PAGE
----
Insufficient evidence to guide recommendations on vitamin D in pregnancy

November 29, 2017
There is currently insufficient evidence to guide recommendations on the use of vitamin D supplements in pregnancy, conclude researchers in The BMJ today.

Recommended for you

1 in 9 U.S. adults over 45 reports memory problems

July 13, 2018
(HealthDay)—If you're middle-aged and you think you're losing your memory, you're not alone, a new U.S. government report shows.

Antioxidant benefits of sleep

July 12, 2018
Understanding sleep has become increasingly important in modern society, where chronic loss of sleep has become rampant and pervasive. As evidence mounts for a correlation between lack of sleep and negative health effects, ...

Footwear habits influence child and adolescent motor skill development

July 11, 2018
New research finds that children and adolescents who spend most of their time barefoot develop motor skills differently from those who habitually wear shoes. Published in Frontiers in Pediatrics, this is the first study to ...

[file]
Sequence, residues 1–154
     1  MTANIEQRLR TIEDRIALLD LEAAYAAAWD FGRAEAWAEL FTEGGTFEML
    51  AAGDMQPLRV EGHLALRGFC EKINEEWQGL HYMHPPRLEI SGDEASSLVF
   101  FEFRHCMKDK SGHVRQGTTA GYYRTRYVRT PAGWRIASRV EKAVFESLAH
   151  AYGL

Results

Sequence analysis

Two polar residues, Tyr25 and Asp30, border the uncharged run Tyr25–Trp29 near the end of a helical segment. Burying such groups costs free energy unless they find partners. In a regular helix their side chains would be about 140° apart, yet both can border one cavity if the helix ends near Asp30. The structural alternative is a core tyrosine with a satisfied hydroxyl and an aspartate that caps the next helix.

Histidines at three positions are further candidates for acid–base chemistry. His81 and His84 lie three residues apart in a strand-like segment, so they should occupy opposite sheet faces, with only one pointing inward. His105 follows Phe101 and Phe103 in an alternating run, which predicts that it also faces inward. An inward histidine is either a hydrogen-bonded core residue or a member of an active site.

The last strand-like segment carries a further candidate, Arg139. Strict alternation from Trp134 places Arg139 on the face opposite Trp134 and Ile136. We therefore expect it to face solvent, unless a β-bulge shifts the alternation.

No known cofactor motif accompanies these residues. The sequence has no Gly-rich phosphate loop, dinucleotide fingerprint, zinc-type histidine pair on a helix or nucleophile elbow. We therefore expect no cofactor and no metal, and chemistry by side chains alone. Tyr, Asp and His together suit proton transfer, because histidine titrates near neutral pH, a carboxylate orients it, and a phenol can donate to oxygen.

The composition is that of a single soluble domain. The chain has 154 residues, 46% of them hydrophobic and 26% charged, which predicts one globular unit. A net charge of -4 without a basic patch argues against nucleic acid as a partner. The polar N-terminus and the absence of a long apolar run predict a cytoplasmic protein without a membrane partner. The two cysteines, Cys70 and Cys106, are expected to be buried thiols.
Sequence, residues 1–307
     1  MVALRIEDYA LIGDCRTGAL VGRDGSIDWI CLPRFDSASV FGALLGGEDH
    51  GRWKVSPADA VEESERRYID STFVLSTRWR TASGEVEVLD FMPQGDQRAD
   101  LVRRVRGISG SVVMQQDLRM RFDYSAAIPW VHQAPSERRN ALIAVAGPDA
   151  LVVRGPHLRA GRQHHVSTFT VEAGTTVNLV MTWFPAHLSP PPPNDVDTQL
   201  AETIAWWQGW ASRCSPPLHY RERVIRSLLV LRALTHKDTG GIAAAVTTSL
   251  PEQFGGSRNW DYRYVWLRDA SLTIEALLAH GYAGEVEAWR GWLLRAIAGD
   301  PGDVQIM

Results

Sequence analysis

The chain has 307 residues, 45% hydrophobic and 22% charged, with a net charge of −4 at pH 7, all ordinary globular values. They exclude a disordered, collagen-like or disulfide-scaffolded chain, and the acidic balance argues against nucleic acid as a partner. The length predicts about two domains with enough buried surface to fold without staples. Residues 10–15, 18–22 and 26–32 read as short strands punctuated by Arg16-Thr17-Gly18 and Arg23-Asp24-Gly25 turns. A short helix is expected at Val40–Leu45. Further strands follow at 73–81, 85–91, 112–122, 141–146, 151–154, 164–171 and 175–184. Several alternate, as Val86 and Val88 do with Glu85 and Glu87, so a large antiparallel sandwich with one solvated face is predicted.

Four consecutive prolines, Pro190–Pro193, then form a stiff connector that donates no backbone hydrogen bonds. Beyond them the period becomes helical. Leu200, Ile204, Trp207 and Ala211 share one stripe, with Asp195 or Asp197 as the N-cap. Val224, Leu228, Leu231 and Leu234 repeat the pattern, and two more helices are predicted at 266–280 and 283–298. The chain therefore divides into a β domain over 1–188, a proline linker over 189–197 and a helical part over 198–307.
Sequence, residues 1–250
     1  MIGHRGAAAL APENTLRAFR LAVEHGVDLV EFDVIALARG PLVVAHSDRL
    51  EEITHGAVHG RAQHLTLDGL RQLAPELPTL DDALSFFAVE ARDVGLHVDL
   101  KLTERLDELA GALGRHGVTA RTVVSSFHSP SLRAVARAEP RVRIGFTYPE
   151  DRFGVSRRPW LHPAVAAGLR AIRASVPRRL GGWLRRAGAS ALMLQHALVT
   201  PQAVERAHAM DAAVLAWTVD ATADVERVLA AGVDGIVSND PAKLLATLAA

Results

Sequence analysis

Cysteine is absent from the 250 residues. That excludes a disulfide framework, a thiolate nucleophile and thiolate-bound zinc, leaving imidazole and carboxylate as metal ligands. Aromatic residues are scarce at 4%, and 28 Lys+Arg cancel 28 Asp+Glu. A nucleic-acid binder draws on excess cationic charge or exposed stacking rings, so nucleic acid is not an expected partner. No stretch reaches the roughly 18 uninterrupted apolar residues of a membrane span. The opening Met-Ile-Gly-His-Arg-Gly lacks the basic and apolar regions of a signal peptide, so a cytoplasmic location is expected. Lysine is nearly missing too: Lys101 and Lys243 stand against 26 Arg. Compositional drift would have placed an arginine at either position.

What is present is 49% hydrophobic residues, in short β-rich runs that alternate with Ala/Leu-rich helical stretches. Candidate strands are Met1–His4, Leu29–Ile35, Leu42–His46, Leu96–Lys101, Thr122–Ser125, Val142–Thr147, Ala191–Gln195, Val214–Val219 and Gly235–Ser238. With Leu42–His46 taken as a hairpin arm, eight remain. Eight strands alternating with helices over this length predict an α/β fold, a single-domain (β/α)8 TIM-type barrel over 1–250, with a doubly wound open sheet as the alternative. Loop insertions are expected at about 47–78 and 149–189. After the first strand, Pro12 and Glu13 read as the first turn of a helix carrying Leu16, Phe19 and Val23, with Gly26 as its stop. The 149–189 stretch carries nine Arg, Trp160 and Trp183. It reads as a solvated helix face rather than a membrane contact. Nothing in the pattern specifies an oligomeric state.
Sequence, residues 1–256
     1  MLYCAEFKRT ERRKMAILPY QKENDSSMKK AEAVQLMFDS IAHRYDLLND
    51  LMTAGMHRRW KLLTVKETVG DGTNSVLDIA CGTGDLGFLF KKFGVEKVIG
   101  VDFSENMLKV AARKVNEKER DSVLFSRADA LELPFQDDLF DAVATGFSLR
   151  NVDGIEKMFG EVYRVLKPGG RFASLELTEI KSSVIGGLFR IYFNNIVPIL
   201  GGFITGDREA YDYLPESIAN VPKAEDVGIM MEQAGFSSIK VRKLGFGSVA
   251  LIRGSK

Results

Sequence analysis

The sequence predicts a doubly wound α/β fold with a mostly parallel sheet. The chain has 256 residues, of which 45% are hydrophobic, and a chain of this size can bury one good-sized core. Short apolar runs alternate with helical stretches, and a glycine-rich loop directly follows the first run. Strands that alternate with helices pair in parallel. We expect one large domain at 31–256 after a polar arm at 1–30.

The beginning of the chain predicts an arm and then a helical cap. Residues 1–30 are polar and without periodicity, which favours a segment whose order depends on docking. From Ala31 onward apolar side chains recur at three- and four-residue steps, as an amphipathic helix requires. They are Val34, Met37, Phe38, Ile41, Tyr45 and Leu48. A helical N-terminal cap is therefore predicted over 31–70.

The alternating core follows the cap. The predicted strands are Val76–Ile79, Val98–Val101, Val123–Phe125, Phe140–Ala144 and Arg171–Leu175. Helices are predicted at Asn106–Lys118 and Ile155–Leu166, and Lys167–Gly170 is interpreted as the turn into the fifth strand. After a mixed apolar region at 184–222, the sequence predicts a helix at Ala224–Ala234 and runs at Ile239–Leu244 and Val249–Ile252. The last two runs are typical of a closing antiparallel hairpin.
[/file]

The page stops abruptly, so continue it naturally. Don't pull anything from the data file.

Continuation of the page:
How a Mediterranean diet could reduce osteoporosis

July 11, 2018
Eating a Mediterranean-type diet could reduce bone loss in people with osteoporosis—according to new research from the University of East Anglia.

Extreme heat and reduced cognitive performance in adults in non-air-conditioned buildings

July 10, 2018
Students who lived in dormitories without air conditioning (AC) during a heat wave performed worse on a series of cognitive tests compared with students who lived in air-conditioned dorms, according to new research led by ...

Suppressing negative emotions during health scare may whip up spiral of fear

July 10, 2018
Trying to suppress worries during a health scare, like the recent Zika outbreak, may lead to an ever-intensifying cycle of emotional suppression and fear, according to a team of researchers.

0 comments

Please sign in to add a comment. Registration is free, and takes less than a minute. Read more

Click here to reset your password.
Sign in to get notified via email when new comments are made.